Team members tell their stories

10 November 2005

The volunteer team at the Geneva office is a critical part of ICVolunteers, without which the organization could not run. Long-term volunteers, taking on responsibility for membership services, fundraising, translation and more, help the organization in a significant way. Each year, ICVolunteers offers a number of internships, in particular in the field of translation (specifically for English, French and Spanish).

Sobia Zafar, originally from Pakistan, tells her experience. "I learned a lot with ICVolunteers. Especially at the UN, I got the chance to improve my writing skills. Since I had to submit writing on time. Reporting at the Sub-Commission on Human Rights was not only a friendly interaction, but also a chance to meet people I would not have otherwise."

She continues with a smile: "At the office, I find the environment friendly and relaxed. I don't do it because I have to but because I would like and enjoy it." Sobia wrote the volunteer guide to India: "I liked the Indian project because I enjoy to do research. I thought that India was very similar to Pakistan, but by doing research I discovered that there are many difference. Seeing all of this, I feel like traveling more."

She concludes with an anecdote: "I learned how to take the bus, because before I only traveled by car, back in Pakistan and even here in Switzerland. I then had to learn how to use the Geneva public transportation system which was very new to me."

Christian Liani, originally from the Italian-speaking part of Switzerland, speaks out. "Doing civil service helps civlists fulfill tasks which, otherwise, are not part of their everyday's life." My experience of the past two months at ICV gave me insight into the recruitment and coordination of volunteers for events, an activity I did not know anything about before. However, thanks to the help of my colleagues at the ICV office, I was quickly able to find my place corresponding to my skills and thus share my knowledge in the field of information technologies. It was a rich experience for me which I can only recommend to future civilists."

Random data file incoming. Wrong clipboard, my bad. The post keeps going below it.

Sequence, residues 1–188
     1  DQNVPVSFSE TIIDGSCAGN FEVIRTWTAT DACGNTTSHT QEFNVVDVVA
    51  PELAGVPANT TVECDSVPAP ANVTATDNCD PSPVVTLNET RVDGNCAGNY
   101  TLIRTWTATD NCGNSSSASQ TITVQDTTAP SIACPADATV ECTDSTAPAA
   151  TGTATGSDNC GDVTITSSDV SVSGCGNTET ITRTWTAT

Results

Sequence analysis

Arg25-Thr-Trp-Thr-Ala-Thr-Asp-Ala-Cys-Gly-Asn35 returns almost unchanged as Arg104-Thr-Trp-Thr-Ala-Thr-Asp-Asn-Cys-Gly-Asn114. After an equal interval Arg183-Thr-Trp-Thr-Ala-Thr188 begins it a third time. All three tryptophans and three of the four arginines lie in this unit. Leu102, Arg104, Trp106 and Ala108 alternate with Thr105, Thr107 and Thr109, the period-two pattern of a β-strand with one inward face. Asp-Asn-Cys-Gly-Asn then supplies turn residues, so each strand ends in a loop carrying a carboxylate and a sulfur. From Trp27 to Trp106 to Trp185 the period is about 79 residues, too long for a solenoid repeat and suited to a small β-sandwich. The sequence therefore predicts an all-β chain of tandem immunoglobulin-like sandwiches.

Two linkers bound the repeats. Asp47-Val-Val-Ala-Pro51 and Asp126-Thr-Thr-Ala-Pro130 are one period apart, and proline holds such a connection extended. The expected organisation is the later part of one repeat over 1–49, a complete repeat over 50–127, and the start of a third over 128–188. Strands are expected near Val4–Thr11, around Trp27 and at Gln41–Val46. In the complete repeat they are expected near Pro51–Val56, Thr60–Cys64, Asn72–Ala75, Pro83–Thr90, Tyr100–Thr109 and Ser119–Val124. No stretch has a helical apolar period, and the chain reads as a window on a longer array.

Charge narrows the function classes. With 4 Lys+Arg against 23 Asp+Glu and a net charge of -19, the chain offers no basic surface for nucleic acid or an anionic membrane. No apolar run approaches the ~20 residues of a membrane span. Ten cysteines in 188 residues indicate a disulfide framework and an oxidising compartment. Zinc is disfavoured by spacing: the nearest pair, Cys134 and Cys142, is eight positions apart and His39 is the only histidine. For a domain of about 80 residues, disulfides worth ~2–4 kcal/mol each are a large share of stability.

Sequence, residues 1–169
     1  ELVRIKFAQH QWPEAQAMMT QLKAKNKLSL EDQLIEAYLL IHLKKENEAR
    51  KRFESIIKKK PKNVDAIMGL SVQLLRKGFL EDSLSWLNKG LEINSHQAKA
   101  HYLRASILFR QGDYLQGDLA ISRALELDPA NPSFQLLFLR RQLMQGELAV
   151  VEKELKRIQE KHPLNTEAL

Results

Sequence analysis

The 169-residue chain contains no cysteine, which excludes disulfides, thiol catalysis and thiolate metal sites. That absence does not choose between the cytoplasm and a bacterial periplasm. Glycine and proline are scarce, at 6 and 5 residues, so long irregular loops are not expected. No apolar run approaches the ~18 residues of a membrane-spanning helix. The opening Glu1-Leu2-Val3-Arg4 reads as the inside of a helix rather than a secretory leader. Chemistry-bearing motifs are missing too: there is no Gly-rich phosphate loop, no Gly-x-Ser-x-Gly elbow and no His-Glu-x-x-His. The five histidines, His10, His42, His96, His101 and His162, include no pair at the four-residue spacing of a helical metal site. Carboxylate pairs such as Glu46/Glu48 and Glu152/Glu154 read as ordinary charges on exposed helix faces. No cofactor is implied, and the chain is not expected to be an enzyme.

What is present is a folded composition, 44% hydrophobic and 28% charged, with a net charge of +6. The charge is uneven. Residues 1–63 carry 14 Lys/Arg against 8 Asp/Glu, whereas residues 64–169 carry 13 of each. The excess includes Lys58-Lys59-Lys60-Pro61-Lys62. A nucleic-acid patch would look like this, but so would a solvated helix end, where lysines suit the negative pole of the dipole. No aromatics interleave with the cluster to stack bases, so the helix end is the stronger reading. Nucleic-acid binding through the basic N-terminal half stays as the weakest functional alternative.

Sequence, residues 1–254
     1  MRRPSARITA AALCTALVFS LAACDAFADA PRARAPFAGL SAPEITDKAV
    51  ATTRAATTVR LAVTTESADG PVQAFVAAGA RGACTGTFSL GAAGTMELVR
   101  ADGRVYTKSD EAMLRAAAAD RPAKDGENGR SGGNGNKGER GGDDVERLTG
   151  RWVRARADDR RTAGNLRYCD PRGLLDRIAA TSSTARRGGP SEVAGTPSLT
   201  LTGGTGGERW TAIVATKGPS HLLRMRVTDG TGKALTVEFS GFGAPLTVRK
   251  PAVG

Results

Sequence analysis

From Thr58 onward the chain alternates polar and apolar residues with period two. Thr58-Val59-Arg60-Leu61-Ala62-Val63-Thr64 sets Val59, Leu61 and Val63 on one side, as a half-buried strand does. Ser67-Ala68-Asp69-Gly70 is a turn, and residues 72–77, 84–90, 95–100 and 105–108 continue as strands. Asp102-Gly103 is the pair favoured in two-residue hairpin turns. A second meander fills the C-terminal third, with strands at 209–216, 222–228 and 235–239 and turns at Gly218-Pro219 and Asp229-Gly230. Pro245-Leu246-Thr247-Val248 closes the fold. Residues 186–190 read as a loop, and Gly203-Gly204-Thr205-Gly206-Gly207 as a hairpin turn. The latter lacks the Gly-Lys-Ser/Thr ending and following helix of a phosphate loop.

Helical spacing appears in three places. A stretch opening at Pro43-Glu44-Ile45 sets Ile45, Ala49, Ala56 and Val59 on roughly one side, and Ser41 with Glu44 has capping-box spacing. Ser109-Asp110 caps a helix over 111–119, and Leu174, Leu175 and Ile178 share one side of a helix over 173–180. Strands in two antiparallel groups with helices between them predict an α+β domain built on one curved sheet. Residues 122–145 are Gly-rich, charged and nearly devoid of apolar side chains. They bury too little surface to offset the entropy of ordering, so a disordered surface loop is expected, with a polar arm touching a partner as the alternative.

Marie Hervouët, originally from France and translation and interpretation student made an internship with ICV. She explains to us why she came to ICV.

"I was looking for an internship finalizing my studies when I heard about ICV and its activities appeared very interesting to me. I started my internship back in April 2005, during which I had the occasion to work as an interpreter for the European University of Volunteering in Lucerne. This was a challenging and at the same time rewarding experience. I also was able to participate in the Gorbatchev Conference, this time handing out headphones and welcoming participants. It is not every day that one sees personalities such as Gorbatchev. Unfortunately, I only saw him for about 30 minutes. During this time, I was able to observe the excellent work of the interpreters. They had not been able to prepare themselves, as the debate was a round table rather than a presentation of prepared speeches. Having myself experienced working as an interpreter, I was aware of the difficulty of the task at hand." Sitting with her arms crossed, Marie says with a timid voice: "I always thought I did not want to work in this highly demanding profession... It remains very exciting though. ICV gives me a chance to practice some and learn more about where I want to take my professional carrier."

As shown in these three testimonies, each day at ICV brings a new experience and a new step of sharing and exchange.

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